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Announcing WS-Federation Support for IdentityServer4 and .NET Core

We are pleased to announce the open BETA of the IdentityServer4 WS-Fed component, allowing IdentityServer to act as an Identity Provider (IdP) using WS-Federation...

Rock Solid Knowledge are pleased to announce the open beta of the IdentityServer4 WS-Federation component. This component allows IdentityServer to act as an Identity Provider (IdP) using WS-Federation, bringing cross-protocol single sign-on and allowing you to use IdentityServer to log into your legacy applications.

This component builds upon the popular WS-Federation proof of concept for IdentityServer, bringing .NET Core compatibility, and commercial support.

Feel free to reach out to to give feedback or request features. We’re still working on the full feature set and pricing, with the beta ending in January.

Setup To get started with the IdentityServer4 WS-Federation component, you’ll first need to install the nuget library:

install-package Rsk.IdentityServer4.WsFederation 

After installing the component, you can then update your call to AddIdentityServer in the ConfigureServices method with the following:

    // the rest of registrations (clients, resources, users, etc)
    .AddSigningCredential(new X509Certificate2(/*your cert*/))
    .AddInMemoryRelyingParties(new List());

Here we have AddWsFederation bringing in the required dependences. In the future, this registration will require a license key.

With AddInMemoryRelyingParties you are bringing in a separate store for relying party configuration data. This is similar to the approach in our SAML component, however relying party configuration entries are optional for now. More on this later.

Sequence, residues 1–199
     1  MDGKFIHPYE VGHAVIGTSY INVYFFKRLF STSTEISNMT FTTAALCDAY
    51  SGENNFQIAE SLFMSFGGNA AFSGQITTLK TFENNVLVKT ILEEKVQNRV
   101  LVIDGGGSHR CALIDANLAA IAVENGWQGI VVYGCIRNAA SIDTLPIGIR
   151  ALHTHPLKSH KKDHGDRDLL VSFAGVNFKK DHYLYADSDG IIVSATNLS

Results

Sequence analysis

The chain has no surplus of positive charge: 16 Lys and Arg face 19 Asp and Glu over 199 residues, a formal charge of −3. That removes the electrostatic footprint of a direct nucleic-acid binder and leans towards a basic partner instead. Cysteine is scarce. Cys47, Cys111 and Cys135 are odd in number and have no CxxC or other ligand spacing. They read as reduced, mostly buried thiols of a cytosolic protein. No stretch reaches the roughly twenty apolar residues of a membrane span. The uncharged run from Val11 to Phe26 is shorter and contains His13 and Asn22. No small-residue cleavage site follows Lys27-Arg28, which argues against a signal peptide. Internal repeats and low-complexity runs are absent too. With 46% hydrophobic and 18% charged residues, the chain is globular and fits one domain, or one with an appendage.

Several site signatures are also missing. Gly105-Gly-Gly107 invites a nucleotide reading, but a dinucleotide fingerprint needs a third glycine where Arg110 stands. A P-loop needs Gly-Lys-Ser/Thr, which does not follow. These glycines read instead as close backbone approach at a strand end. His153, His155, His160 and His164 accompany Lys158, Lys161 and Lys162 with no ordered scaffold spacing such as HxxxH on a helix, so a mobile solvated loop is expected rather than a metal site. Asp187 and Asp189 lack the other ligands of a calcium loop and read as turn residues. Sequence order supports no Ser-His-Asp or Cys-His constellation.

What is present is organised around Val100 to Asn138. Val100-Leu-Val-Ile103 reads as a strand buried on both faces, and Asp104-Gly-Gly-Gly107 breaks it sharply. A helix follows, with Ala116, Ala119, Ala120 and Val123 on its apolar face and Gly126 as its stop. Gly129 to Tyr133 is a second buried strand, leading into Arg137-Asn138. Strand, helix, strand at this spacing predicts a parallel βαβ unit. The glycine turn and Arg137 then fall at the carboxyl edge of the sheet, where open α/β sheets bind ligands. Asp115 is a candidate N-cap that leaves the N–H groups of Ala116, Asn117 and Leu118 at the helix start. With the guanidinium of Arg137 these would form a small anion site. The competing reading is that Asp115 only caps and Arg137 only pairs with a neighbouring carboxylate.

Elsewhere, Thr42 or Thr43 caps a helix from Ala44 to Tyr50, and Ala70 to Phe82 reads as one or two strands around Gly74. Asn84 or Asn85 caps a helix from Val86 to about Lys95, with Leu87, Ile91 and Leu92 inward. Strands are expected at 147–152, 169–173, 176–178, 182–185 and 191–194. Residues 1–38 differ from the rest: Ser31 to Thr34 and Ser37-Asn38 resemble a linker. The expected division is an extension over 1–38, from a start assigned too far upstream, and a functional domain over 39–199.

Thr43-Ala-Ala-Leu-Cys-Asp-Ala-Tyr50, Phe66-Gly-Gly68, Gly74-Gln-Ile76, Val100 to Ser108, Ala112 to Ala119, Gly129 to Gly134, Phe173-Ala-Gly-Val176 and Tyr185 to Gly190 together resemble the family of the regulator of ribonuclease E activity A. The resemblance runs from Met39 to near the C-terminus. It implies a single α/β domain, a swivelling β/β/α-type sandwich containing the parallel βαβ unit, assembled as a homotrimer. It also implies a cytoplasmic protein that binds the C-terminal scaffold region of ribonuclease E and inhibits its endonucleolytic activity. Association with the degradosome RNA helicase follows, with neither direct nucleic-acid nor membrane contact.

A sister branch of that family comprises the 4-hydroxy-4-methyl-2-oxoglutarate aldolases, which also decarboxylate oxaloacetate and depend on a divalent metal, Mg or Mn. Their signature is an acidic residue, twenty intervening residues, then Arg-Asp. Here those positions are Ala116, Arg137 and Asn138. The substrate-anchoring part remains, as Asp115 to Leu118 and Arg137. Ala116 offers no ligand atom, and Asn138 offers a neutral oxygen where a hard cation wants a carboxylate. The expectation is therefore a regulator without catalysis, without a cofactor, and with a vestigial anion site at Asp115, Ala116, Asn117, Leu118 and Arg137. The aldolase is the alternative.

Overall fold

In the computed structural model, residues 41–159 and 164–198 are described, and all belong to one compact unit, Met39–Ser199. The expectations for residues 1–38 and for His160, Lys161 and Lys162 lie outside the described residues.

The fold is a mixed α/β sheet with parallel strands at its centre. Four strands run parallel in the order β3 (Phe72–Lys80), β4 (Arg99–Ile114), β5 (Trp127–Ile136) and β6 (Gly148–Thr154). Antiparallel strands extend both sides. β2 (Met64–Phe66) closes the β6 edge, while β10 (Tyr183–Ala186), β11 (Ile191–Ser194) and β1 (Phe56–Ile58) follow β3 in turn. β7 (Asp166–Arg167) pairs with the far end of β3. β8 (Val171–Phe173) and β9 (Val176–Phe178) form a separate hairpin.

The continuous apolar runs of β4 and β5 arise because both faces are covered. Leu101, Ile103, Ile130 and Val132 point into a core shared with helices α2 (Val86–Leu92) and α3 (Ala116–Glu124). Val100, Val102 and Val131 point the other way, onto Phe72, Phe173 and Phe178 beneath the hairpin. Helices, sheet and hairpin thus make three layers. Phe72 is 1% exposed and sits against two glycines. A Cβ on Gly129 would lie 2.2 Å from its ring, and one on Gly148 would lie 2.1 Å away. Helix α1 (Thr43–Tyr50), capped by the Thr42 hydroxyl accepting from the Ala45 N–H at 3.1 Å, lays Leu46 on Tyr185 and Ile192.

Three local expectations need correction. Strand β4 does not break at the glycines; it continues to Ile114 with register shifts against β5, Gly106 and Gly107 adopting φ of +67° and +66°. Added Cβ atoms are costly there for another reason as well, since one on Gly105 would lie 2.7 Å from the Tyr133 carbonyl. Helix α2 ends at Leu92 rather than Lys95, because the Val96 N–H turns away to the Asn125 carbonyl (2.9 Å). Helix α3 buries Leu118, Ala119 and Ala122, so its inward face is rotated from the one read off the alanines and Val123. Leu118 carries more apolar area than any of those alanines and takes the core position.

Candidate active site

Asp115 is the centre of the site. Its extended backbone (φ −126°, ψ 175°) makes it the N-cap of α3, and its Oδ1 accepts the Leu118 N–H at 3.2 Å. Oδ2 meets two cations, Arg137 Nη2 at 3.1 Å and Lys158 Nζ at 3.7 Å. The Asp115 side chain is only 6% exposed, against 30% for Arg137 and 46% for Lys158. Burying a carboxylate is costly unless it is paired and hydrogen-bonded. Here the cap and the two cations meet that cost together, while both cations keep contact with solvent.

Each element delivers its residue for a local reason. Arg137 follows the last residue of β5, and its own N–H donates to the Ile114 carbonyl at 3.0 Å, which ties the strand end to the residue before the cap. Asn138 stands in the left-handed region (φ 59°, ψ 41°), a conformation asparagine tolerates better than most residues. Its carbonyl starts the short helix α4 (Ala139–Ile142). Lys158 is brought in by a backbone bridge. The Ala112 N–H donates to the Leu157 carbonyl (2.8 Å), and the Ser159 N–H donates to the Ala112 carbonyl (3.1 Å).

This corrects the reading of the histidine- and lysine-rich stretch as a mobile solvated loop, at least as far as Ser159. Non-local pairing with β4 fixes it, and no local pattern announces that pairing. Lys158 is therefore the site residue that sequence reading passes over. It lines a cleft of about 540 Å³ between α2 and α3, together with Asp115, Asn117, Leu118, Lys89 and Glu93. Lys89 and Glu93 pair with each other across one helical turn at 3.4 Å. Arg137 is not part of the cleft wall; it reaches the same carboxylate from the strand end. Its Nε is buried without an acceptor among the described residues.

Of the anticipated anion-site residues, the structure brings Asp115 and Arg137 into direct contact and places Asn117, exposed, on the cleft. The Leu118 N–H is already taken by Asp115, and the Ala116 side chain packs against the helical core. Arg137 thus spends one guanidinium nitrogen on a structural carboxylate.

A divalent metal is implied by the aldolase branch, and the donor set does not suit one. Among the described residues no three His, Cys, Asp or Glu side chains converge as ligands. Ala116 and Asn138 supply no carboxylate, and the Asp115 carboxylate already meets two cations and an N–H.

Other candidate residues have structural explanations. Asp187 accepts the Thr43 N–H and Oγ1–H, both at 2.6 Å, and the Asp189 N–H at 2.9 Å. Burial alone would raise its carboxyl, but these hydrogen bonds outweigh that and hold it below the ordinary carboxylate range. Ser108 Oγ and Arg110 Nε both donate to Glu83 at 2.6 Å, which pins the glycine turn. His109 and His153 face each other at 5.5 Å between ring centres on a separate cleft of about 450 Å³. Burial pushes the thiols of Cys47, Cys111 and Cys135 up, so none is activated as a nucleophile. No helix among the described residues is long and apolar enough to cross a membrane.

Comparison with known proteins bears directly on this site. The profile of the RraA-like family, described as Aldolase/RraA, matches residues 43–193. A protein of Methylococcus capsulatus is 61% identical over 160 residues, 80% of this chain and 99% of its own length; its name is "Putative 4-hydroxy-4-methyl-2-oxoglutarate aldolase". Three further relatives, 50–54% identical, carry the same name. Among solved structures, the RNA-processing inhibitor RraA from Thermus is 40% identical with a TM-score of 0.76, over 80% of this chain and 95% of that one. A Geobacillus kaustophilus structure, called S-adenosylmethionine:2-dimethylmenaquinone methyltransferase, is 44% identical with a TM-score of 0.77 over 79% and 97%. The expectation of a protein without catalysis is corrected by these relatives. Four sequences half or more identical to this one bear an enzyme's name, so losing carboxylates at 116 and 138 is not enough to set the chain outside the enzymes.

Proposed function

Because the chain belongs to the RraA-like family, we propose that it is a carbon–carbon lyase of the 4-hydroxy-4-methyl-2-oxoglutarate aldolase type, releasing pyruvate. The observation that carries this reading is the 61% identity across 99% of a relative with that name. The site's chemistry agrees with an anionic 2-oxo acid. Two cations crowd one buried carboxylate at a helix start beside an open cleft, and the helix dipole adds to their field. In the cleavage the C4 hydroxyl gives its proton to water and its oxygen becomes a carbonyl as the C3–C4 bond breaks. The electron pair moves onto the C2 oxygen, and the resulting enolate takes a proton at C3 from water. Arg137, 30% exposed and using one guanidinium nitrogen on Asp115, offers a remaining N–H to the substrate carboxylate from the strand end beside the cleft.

Then, in your Configure method, you can update our call to UseIdentityServer with the following:


This allows your IdentityServer to start handling calls to the WS-Federation endpoints.

WS-Federation Identity Provider Metadata

You can now access the metadata for our WS-Federation identity provider. By default, this is available on the route /wsfed. This metadata document can be loaded in by relying parties so that they can automatically configure themselves to use your identity provider.

Adding a WS-Federation Relying Party

To configure a WS-Federation relying party, you need to create a client record within IdentityServer for them, that looks something like:

var relyingParty = new Client {
    ClientId = "rp1",
    AllowedScopes = {"openid", "profile"},
    RedirectUris = {"http://localhost:5001/signin-wsfed"},
    ProtocolType = IdentityServerConstants.ProtocolTypes.WsFederation

This uses the usual Client entity, specifying the client ID as the expected entity ID of the relying party. What claims the relying party will receive is again controlled by identity scopes, with the claim types then being mapped by either the defaults in the WsFederationOptions or the RelyingParty configuration you’ll see shortly.

The protocol type must be wsfed, and the RedirectUris must contain the incoming wreply value.

To override default settings within the WsFederationOptions for an individual relying party, you can create a RelyingParty record alongside the client one. This entity must have a Realm that matches the ClientId on the client record.

var relyingPartyOverrides = new RelyingParty {
    Realm = "rp1",
    TokenType = WsFederationConstants.TokenTypes.Saml11TokenProfile11,
    ClaimMapping = new Dictionary{{JwtClaimTypes.Name, ClaimTypes.Name}}

Get in Touch

If you’re looking to solve a particular use case with our WS-Federation component or have any questions, then get in touch at

Last updated: October 3, 2019

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